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Luminary Cloud’s simulator utilizes GPUs to accelerate product design

Simulations are a crucial component of physical product engineering. They let engineers develop prototypes and predict their real-world performance by considering aspects like aerodynamic drag, air and water fluxes, pressure, and temperature distributions.

Jason Lango, the CEO of Luminary Cloud, said that current engineering simulations are sluggish and challenging to expand.

“Many engineers utilize outdated software that operates on on-site infrastructure, leading to a sluggish design process where each simulation requires days or weeks,” Lango said during an interview. The legacy software, which has been around for decades, has not been updated to be compatible with cloud computing and GPUs.

Luminary, a company developing a platform for engineering simulations, utilizes cloud computing and Nvidia GPU clusters, according to Lango. Luminary’s simulation tools are used by businesses such as Puma golf brand Cobra Golf and Joby Aviation, the air taxi company. This technology allows engineers to test engineering scenarios and refine their product designs more quickly than traditional software solutions.

“Luminary’s real-time engineering approach enables engineering teams to conduct product simulation and analysis cycles in minutes instead of weeks,” Lango said. These lead to enhanced speed in bringing products to market, quicker understanding of data, superior design outputs, heightened team efficiency, and more effective use of resources for physical prototyping.

Luminary is not the first company to provide a cloud-based engineering simulation tool. Siemens, Dassault Systèmes, PhysicsX, Simscale, Flexcompute, and Ansys are some of Synopsys’ rivals; the latter was most recently acquired by Synopsys for $35 billion.

Luminary stands out due to its focus on artificial intelligence, according to Lango.

The platform provides an AI helper named Lumi AI, which autonomously manages activities such as mesh creation. Mesh generation is a crucial step in the simulation process when an object or scene is divided into tiny, distinct cells or pieces known as meshes, as described by Lango.

“Luminary is currently a simulation and analysis company, but our future direction will lead us to transition into a data company,” he said. The platform, equipped with AI and machine learning, can offer suggestions for enhancing designs and optimizing them. It can also improve simulation setup, solving, and visualization, making it easier for users to gain valuable insights.

Luminary stands out by not requiring a license or membership fee, unlike some of its competitors. Customers are charged according to the amount of time they use the GPU for simulation and analysis, calculated in USD per minute.

Lango argues that a brief conceptual design simulation of an airplane may run for a few minutes and cost about $90. Customers doing extensive, high-quality simulations or many simulations to test various design options would benefit from prepaid capacity reductions based on volume.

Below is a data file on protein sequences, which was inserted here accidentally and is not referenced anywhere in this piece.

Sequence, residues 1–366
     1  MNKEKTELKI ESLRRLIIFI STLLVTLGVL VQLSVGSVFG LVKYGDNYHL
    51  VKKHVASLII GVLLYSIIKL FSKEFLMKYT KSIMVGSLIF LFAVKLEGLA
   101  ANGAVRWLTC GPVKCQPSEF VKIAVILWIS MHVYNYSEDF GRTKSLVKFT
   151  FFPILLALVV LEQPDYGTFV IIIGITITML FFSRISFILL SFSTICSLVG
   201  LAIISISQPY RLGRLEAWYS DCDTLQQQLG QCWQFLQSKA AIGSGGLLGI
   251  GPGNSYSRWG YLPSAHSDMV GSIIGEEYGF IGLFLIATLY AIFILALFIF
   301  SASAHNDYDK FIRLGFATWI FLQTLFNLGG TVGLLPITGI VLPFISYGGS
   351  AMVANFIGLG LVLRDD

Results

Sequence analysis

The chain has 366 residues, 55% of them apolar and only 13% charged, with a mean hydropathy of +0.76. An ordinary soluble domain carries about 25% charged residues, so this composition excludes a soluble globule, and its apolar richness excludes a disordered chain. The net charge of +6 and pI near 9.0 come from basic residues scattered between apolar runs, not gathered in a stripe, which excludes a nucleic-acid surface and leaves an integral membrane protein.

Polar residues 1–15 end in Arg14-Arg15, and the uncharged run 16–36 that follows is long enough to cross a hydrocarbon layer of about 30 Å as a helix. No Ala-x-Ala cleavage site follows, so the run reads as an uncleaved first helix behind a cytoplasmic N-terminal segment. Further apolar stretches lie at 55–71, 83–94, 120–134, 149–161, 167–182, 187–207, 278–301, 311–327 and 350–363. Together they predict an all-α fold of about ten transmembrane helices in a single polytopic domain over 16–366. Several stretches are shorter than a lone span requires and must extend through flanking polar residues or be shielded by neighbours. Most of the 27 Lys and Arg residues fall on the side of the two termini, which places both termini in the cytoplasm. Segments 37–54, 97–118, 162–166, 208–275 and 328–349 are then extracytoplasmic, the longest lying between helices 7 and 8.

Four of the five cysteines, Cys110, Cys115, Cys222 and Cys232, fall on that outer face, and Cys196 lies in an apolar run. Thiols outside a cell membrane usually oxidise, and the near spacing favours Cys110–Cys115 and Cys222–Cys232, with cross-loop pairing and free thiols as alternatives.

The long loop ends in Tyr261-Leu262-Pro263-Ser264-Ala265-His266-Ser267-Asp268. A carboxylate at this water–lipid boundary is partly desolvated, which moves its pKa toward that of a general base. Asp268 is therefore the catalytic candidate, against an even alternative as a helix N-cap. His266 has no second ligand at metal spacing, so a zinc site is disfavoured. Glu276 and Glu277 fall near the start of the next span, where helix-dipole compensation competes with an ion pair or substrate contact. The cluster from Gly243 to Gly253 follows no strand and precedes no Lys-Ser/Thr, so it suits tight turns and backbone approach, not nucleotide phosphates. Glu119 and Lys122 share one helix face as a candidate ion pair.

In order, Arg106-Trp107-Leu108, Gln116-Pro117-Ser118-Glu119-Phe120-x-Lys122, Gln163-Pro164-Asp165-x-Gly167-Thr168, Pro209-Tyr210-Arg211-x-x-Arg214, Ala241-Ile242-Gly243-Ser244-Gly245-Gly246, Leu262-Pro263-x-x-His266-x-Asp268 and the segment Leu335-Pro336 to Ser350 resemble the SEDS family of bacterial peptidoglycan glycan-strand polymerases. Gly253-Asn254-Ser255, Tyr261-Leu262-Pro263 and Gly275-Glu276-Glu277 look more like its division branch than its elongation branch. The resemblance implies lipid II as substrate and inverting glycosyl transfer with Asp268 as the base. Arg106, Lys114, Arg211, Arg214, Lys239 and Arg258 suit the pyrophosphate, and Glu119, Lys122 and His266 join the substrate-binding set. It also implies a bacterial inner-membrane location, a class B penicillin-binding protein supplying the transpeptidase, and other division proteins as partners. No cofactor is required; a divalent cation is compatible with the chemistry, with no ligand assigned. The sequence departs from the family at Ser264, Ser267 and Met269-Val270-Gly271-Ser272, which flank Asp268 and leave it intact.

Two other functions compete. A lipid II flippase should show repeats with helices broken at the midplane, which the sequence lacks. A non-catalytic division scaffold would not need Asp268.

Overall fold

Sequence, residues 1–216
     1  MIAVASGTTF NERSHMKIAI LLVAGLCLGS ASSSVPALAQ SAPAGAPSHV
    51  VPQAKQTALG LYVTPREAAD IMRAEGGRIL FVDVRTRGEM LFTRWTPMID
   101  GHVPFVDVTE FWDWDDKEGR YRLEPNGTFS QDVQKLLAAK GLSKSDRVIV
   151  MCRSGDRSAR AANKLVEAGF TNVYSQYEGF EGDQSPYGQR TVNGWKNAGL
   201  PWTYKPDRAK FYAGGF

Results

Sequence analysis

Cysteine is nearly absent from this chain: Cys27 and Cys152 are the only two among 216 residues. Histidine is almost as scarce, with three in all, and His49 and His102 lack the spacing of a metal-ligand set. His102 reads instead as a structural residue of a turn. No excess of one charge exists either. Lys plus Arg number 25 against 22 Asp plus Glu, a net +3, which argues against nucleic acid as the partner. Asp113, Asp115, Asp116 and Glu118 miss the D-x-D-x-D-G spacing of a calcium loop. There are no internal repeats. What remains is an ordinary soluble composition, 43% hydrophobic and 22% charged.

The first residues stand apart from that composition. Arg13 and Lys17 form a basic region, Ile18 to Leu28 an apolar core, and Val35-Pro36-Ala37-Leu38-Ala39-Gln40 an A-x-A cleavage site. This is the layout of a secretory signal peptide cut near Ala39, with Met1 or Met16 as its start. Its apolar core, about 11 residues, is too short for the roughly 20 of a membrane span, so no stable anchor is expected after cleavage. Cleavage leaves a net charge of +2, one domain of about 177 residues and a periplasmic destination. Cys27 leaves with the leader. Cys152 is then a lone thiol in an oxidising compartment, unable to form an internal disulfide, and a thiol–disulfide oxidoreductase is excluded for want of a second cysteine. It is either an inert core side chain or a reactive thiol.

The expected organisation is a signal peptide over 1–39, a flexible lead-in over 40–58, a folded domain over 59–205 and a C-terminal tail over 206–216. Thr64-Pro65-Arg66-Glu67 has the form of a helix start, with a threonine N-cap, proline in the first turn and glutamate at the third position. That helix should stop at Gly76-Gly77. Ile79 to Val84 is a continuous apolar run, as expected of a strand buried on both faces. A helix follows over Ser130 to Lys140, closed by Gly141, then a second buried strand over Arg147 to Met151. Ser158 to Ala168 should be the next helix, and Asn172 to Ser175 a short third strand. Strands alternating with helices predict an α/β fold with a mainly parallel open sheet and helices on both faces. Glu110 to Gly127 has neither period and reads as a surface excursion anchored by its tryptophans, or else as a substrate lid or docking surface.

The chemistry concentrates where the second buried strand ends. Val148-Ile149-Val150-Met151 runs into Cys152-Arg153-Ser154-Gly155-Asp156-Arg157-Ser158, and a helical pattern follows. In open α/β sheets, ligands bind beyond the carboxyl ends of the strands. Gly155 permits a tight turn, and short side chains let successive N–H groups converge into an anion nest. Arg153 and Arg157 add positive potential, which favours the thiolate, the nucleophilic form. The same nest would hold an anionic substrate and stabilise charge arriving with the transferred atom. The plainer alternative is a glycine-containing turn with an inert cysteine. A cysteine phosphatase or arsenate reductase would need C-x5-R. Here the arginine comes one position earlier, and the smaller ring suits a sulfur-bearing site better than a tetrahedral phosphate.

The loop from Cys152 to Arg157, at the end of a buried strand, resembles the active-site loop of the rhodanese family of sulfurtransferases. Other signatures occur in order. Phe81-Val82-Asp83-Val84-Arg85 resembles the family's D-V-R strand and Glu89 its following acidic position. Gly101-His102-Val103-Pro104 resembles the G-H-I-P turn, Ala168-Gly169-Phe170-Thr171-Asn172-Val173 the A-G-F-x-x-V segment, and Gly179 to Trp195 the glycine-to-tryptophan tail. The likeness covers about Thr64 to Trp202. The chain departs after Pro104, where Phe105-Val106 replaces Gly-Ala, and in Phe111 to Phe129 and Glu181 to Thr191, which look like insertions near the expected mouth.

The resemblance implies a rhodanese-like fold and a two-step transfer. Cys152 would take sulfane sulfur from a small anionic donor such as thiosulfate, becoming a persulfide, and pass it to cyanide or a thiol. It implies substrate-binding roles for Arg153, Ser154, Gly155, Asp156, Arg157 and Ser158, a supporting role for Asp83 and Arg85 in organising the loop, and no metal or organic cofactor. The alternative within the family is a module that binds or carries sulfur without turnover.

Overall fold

Genesis and proliferation
Lango established Luminary in 2019 with Juan Alonso, a professor of aeronautics and astronautics at Stanford. Before Luminary, Lango had experience at Silicon Graphics, NetApp, and Cisco, while Alonso oversaw NASA’s Fundamental Aeronautics Program, focusing on supersonic research.

Lango and Alonso crossed paths in the summer of 2019 at Sutter Hill Ventures, a private equity company, where Lango held the position of entrepreneur in residence. Doug Mohr, managing director at Sutter Hill, invited Alonso, who was his squash partner at the time, to meet Lango at the company’s Palo Alto headquarters, anticipating a strong commercial partnership between Alonso and Lango.

Lango and Alonso connected. Through many discussions, they improved the concept for the platform that eventually became Luminary.

Sutter Hill is optimistic about Luminary’s future, given the startup’s growing client base of over 33 firms in the automotive, aerospace, military, and industrial equipment industries.

Luminary announced today that it secured $15 million in equity and $100 million in debt from Sutter Hill. The firm intends to use this funding to enhance its sales organization and product features.

Mike Speiser, managing director at Sutter Hill, said in an email that Jason and Juan are combining the capabilities of GPUs with the flexibility of cloud computing for a very intricate engineering task. “Luminary Cloud has the potential to revolutionize the costly and challenging process of product development.”

Luminary, headquartered in San Francisco, now employs 73 employees and plans to increase that number to 80 by the end of the year.

“Luminary’s capacity consumption model, which is on-demand and prepaid, offers a mutually beneficial solution for forecasted volume and discounts,” Lango said. Customers of any size may begin an on-demand engagement with no initial cost. Since our clientele consists of industrial R&D and engineering organizations that are still investing in their product development, the IT industry downturn has not had an impact on our revenues.

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